On the very verge of the Swamp there lived a family of frogs. They were all fine, fat, croaking frogs and enjoyed talking deep into the night. Grandma Frog would talk most of all, for she knew many stories, both of the Swamp and of the Outside. The Swamp was a good place, safe except for the Longnecks, peaceful, warm and full of food. The Outside was a horrible land where many dangers loomed; dry, inhospitable, and filled with strange noises, harsh plants and frog-eating monsters.
This is why the Little Frog, the very tiniest of the entire family, had to go and see for himself if it truly existed. One day he crept out of the Swamp, and into the Meadow. It was certainly drier, though not as dry as he had imagined, for it had recently rained. Hopping about, and helping himself to many new and wonderful foods, he came to a Wall on the brink of a Forest. The Little Frog had never before seen a Wall, and had no idea what it was, but it seemed like a good place to hop onto. He tried and tried, and finally made it.
And what a sight it was! He saw the Swamp, and the Meadow, and the Forest. Even, in the distance, he saw the Mountains, though he did not know them by name. He saw the entire sky stretching above his head, and jumped around with delight. And then, turning around, he also saw the Well. Oh, how wonderful it looked! Deep, dark, wet, and safe. It smelled sweetly to him, too – of home, peace, and a good hideout. The latter he needed particularly quick, for all of a sudden there was a screech above him. And though he did not know about the Owl, the Little Frog was certain it was something to hide from.
So he jumped into the Well. Down, and down he fell, breaking some bones and hurting his head, but finally landing in a pool of cool, calm water. He swam around a bit, then found a ledge, sat on it and began to sing. He sang to spite the Owl, and to praise the Sky he could still see high above. He sang about his own wit, and his adventures. He was a happy, and a live frog. But when the night came, he was alone, wrapped in darkness, and afraid. Then he cried, and called to be gotten out, but nobody came.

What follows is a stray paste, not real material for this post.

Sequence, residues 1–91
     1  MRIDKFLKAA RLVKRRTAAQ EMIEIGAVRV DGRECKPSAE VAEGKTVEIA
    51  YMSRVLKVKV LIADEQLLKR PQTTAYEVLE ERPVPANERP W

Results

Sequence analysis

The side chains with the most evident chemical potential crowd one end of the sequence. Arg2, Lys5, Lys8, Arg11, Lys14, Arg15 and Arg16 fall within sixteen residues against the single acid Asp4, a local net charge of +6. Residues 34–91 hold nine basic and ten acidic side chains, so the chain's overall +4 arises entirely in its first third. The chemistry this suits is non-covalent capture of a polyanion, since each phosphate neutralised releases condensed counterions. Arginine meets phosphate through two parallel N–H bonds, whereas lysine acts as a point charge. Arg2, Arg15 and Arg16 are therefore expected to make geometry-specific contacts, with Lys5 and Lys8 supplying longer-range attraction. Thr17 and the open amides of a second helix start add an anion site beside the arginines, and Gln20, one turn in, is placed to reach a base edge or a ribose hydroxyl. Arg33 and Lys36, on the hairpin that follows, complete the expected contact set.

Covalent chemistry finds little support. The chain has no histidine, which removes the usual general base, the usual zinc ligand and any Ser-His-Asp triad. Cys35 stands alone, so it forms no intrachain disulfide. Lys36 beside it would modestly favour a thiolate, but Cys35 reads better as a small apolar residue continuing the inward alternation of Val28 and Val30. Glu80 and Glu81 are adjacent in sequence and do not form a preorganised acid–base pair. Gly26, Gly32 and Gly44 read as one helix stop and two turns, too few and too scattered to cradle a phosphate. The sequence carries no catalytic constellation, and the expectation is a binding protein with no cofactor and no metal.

After a day, or two, or perhaps three – since frogs can not count – the Mother Frog and the Father Frog came to search for the Little Frog. They barely heard his tiny voice in the well, but when they did, they made a long rope from the grass to pull him out. The Little Frog was warmly welcomed at the Swamp, and that evening it was him who told the story while others listened.
But the Little Frog was not particularly happy with the Swamp after that day. He remembered the Meadow, and how nicely the bugs tasted. He remembered the shade of the Forest. He remembered the wide sky, and the distant Mountains. But most of all, he remembered the Well. From time to time, he went to the Wall again, and looked into the depths of the Well, remembering how deep, dark, wet and safe it was. Whenever he was sad, he returned and gazed into it, wishing to jump in just one more time. The family, however, began to shun him for such strange ways, and the Little Frog was not certain they would come for him a second time. So he only thought about jumping in, all the while sitting at the Wall.
And if there had been no reckless Princess with her golden ball, the Little Frog might have never gone in again. But she was there once, and lost the ball, and when the Little Frog went in to retrieve it, he found he had grown and could jump out by himself. Then he was very proud, and quite fit to become the Prince. I have elsewhere read that they lived happily thenceforth, though I imagine the Prince still spending quite some time at the Well.